Also in this playlist...
This transcript is automatically generated
Nuclear crisis in Japan is raising questions about the safety of atomic power plants all over the world but energy secretary Steven -- Telling a house panel today Americans have nothing to fear.
At American people should have full confidence that -- states has.
Rigorous safety regulations in place to ensure there nuclear powers -- safely and responsibly.
Information still I mean about the events unfolding Japan.
The demonstrations committed to learning from Japan's experience as we work to continue and strengthen America's nuclear industry.
Nuclear power experts are now saying Japan's plant problems were caused by the impact of the tsunami that followed the earthquake not the quake itself -- he -- science director of the heartland institute and president of environmental education enterprises.
Well doesn't look what the Obama administration is panic and they're sticking up for nuclear energy saying it very much should be a part of the so called clean energy portfolio.
But you've got people looking at the pictures frankly coming out of Japan.
And that's disconcerting because a lot of people don't know they're seeing little children who are being sprayed down are tested for.
-- -- kind of radiation exposure but how should we be processing the pictures in the information about melting course coming out of Japan.
Well sadly lives people don't understand that a nuclear power plant is not a potential nuclear bomb that the way.
Nuclear energy works is we get radiation reaction we heat water retreats team.
We return turban when the reaction gets out of hand and -- -- we turn the reactor off all together which we have done in these -- Fukushima reactions.
But they retain a certain amount of radiation a certain amount -- to last for a number of days and if we lose cooling there can be melting.
And it does appear that in one of the containment buildings has been a breach of some low level radiation -- getting out into the countryside.
And it's gone from bad to worse and I don't want to minimize it all on minimizing -- that the ultimate impact on human health in Japan the ultimate potential death -- it's quite minimal if if it if there is any at all.
No matter how bad it is in Japan.
It's ten times -- ten times worse in Chernobyl in 1986 they had a power plant.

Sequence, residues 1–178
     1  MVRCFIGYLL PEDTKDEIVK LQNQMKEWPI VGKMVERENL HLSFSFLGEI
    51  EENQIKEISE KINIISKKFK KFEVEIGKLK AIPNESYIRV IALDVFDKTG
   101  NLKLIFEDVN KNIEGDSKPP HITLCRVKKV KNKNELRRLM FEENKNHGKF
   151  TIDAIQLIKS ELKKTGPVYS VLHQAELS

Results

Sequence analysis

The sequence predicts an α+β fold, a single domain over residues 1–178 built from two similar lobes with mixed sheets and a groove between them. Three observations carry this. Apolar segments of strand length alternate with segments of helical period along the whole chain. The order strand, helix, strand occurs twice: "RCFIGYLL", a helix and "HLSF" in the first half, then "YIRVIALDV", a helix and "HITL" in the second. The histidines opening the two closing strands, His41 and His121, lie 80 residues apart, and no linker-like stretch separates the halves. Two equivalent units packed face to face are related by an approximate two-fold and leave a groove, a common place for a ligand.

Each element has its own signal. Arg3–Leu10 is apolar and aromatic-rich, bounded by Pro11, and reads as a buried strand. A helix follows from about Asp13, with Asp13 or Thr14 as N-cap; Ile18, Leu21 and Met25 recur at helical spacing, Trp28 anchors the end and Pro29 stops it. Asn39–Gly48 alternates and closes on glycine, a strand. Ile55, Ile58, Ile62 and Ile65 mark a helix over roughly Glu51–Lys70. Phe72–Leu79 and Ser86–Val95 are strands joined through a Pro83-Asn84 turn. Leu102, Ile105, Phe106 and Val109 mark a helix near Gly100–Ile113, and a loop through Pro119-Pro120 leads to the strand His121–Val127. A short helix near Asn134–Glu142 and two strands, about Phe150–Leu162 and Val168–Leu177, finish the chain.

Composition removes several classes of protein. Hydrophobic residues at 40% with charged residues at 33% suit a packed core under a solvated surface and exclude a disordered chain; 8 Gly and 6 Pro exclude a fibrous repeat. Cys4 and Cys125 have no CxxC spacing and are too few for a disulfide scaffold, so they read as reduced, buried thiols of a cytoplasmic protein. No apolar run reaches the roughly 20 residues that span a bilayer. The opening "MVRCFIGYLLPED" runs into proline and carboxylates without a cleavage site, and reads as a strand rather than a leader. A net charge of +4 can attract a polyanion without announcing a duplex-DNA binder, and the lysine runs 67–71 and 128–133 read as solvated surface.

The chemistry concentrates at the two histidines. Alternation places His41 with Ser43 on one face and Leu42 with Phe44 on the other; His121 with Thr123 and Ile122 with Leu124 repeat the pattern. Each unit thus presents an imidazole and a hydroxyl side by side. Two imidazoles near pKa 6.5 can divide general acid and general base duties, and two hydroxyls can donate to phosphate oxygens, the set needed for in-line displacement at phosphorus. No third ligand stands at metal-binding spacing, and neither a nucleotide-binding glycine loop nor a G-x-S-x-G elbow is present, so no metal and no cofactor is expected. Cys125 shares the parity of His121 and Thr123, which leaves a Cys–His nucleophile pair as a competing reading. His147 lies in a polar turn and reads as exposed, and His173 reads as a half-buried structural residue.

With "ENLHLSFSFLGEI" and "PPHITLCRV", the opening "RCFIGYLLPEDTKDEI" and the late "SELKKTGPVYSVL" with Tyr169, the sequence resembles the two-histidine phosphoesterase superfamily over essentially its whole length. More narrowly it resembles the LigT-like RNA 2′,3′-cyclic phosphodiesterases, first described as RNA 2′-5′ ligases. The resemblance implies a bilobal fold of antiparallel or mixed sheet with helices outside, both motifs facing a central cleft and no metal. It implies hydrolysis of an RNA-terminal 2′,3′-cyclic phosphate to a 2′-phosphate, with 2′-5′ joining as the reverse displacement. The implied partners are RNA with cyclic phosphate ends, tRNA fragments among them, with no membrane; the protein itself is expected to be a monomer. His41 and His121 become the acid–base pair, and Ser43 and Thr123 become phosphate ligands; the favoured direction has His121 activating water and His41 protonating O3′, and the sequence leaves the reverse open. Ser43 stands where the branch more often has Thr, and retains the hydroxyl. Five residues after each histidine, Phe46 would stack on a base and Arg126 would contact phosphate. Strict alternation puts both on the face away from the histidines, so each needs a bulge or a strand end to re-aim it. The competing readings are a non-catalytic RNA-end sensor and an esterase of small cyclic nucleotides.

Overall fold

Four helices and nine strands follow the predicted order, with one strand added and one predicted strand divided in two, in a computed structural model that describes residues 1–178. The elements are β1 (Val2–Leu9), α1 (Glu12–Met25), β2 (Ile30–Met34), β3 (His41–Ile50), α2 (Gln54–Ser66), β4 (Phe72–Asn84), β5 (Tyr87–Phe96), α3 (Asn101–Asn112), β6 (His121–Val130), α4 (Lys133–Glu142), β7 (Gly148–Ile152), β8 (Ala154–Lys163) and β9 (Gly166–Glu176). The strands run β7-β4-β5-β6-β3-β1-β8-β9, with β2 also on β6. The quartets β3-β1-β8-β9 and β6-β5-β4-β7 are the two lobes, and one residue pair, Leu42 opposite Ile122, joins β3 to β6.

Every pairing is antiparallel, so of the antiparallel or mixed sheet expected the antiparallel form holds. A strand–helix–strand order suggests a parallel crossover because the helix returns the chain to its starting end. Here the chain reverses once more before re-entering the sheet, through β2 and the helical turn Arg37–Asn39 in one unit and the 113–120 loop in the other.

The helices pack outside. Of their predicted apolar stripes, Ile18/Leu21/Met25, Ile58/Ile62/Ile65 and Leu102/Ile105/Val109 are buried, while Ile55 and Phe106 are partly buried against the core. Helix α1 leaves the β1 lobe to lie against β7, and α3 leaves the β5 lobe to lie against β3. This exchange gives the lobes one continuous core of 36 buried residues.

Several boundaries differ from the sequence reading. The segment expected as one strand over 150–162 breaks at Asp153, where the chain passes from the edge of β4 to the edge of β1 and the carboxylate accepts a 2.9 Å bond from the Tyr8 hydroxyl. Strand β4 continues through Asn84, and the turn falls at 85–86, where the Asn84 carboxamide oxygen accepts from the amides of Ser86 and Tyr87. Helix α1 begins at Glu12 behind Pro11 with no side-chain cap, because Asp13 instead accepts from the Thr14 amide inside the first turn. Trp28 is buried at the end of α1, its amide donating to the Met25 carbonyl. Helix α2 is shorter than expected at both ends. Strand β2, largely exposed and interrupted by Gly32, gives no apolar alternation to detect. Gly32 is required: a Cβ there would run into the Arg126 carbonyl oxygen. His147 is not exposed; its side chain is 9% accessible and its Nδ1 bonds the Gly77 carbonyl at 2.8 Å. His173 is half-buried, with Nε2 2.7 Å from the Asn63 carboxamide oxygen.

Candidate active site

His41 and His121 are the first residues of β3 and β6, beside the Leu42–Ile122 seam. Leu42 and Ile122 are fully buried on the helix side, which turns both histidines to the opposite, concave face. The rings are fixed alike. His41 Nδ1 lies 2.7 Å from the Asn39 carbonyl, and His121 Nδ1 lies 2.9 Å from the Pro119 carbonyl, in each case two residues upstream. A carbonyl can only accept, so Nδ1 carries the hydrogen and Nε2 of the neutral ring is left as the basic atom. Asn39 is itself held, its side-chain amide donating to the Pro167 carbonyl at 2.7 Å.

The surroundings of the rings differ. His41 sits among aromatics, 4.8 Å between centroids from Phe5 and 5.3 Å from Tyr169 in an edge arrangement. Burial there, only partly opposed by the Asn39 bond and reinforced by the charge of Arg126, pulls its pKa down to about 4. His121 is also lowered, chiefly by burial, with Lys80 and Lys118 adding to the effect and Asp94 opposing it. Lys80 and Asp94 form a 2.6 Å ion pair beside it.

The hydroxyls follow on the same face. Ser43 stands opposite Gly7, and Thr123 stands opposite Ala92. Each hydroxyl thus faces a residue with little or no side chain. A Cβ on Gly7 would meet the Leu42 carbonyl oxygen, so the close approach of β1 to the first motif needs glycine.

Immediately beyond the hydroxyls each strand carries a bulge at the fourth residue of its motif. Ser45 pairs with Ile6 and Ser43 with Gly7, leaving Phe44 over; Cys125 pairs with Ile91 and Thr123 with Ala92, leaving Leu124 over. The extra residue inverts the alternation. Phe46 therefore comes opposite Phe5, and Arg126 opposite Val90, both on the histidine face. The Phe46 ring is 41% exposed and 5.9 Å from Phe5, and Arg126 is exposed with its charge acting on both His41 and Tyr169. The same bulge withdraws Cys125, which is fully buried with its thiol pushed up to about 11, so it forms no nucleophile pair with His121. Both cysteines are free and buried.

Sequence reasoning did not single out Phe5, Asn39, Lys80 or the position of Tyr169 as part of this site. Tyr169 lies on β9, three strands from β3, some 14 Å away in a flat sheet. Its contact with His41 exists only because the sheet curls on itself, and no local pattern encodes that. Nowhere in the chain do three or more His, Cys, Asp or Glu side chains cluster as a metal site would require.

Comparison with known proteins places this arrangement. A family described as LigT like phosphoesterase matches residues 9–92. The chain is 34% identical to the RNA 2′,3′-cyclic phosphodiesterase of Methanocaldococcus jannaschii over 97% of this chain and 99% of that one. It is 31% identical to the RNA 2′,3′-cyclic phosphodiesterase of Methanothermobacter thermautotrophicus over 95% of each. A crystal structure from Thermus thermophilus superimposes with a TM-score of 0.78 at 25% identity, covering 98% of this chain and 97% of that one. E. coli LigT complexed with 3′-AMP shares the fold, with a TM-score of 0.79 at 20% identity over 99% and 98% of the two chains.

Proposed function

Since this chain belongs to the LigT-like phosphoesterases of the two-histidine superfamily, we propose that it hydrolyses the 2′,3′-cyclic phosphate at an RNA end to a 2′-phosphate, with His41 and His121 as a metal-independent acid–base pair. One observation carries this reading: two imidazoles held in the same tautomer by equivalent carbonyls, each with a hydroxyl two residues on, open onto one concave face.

Without any containment building it blew up entirely it spewed tonnes of material into the air.
They thought tens of thousands of people would -- downwind when the UN finally -- investigated everything years later they found there was a -- death tolls fifty.
Either in the explosion or from radiation -- the plant.
There was a leukemia in than in the neighborhood literally in the village of about a thousand people.
Were cured and there were no increased cancer rates downwind from the planet so many people predicted nor were children be formed anyway.
So well when the report came out twenty years later in 20061.
Was clearly the worst disaster wasn't nearly as bad in terms -- human told.
But today well you know as you know we hear all kinds of statistics I've heard day you know numbers out -- your noble at 4000 died as a result in -- everybody's throwing around numbers but the fact is is -- right now the Germans.
Our our closing seven plants at least temporarily that are similar plants because of their concerns.
That the same thing might happen conceivably under some kind of circumstances.
In Germany that happen in Japan is that -- reaction.
I think it is over reaction David there are 444.
Commercially operating nuclear power plants in the world.
And they've been operating for about forty years many of them there's never been a fatality in a single plant we actually lose about 200 people a year in coal fired in gas fired.
Power plants nuclear is very safe that -- not for a nine.
Point richter scale earthquake which created this to zombie that really made the problem I mean it's it's just amazing.
That the Japanese engineers have been able to hold on the way they have.
Things are gonna get better in the days to come there will be your release of low level radiation but.
The ultimate impact on the Japanese public is it is going to be a tiny fraction.
Of the doom and gloom scenario that we hear every day.
We can we can only hope today -- let's talk about the latest news and that is that there is discussion about helicopters dropping water directly into the reactor to cool down those rods.
Can you tell us if you think that'll work.
I'm not sure to work but I certainly would try it I mean they they still have some heat -- out of control the rods are melting.
In the end they may end up dropping -- the bottom of the container.
Melting there's about a five inch layer of stainless steel there.
When we melted down in Three Mile Island.
The total corps drop down and it only melted five -- of an inch into the five inches.
Of Steele before it cool down that could occur enough Fukushima.
I know that it will end but gee I would do anything I could to cool -- down they didn't want you -- -- -- because it.
Probably will make the plant -- -- they'll be unable to rebuild it.
But I think you're dropping it from helicopters my guess is it won't do much good.
But absolutely I would use everything -- my -- hand to improve the situation.
But regardless the worst case even if it really blew up and there was a huge breach of the containment structure.
There is not going to be wholesale.
Who either walks of life or increased cancer rates in the years to come of the population.
Downwind from the plants.
Let's hope you're right -- layer heartland institute science director and environmental education enterprises.
President thanks a --
Filter by section